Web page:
Friday, May 27, 2022

Marilyn Mosby Talks ‘Failed Polices’ and ‘Doing The Right Thing’

Marilyn Mosby
Marilyn Mosby, Baltimore state’s attorney, speaks during a media availability, Friday, May 1, 2015 in Baltimore. Mosby announced criminal charges against all six officers suspended after Freddie Gray suffered a fatal spinal injury while in police custody. (AP Photo/Alex Brandon)

*Marilyn Mosby captured the nation’s attention this past May when she announced during a press conference that the six police officers who brutally assaulted 25-year-old Freddie Gray would face 28 charges in total, ranging from false imprisonment to second-degree murder. She also detailed how her department investigated the case and determined Gray’s death to be a homicide.

“I was on CNN, and we were all assured that it would be a routine press conference,” says Marc Lamont Hill, a political commentator and professor of African-American studies at Morehouse College in Atlanta. “Instead, Mosby came out swinging for the fences. I was in shock.”

Her statements captivated a country embroiled in a debate about race and police brutality, and gave hope to those who believed that officers were not being held accountable.

Despite her department’s quick turnaround in convicting the police officers, Mosby still acknowledged the protest occurring in Baltimore, as well as other cities, noting, “I have heard your calls for ‘No justice, no peace,’ However, your peace is sincerely needed as I work to deliver justice on behalf of Freddie Gray.”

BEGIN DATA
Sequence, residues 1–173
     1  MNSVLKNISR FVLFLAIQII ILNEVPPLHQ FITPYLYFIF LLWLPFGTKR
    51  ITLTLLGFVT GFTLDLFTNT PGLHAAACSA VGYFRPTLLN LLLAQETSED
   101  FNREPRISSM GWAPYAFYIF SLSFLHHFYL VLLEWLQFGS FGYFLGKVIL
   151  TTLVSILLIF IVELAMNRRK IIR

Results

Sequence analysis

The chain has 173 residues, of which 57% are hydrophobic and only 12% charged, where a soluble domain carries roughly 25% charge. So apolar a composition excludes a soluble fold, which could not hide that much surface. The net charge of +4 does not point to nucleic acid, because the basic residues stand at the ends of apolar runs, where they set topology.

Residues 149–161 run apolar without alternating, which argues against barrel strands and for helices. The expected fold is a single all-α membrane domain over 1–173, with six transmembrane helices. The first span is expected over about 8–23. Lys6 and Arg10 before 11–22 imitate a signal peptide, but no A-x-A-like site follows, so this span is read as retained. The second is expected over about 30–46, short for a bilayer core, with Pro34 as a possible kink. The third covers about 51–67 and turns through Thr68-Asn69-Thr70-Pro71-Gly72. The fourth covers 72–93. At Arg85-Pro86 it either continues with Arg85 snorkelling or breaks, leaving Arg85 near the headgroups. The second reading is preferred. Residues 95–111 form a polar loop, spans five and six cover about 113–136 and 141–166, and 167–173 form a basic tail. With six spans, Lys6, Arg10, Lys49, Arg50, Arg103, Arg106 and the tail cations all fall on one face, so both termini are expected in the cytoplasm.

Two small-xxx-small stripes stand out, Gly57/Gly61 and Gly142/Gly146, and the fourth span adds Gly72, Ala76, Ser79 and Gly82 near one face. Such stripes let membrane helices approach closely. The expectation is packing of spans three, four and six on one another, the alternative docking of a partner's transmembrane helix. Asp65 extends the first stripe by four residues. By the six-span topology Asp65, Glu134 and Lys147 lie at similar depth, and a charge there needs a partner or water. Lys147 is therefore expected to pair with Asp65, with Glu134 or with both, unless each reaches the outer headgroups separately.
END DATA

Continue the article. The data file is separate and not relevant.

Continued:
“The unrest had nothing to do with my decision to charge,” Mosby says in a new profile piece for Vogue. “I just followed where the facts led.”

Mosby told the magazine she didn’t realize the weight her press conference would carry, “I don’t think I felt the weight of the case stepping up to that podium,” she tells the fashion mag. “I was thinking, I’m doing the right thing. That’s what I’m here for.”

Mosby also shares her opinion on the continuous social and political issues that plague African-Americans: “There have been decades of failed policies: zero tolerance and harassment and people being locked up for small crimes,” she says, “policies that drive a divide between communities and law enforcement. So many people feel like they are voiceless, that they’ve been dehumanized. What we saw in the riots is a result of that.”

Mosby was raised alongside her younger brother and sister in a house full of cops: Her grandfather was on the force, as was her mother, as was her uncle next door. “It gives me perspective,” she says. “I know the majority of police officers are outstanding, dedicated, loyal public servants, just like my family.”

To read Mosby’s entire Vogue profile, click here.

Ny MaGee
Ny MaGee is an entertainment reporter with over 15 years of experience working in the film industry in areas including production and post-production, marketing, distribution, and acquisitions. She has worked for legendary film producer Roger Corman, Quentin Tarantino's production team at Miramax, the late Larry Flynt, MTV/ VH1, Hallmark Channel, Paramount, Jim Henson Co., Parade Magazine, and various LA-based companies representing above-the-line talent.




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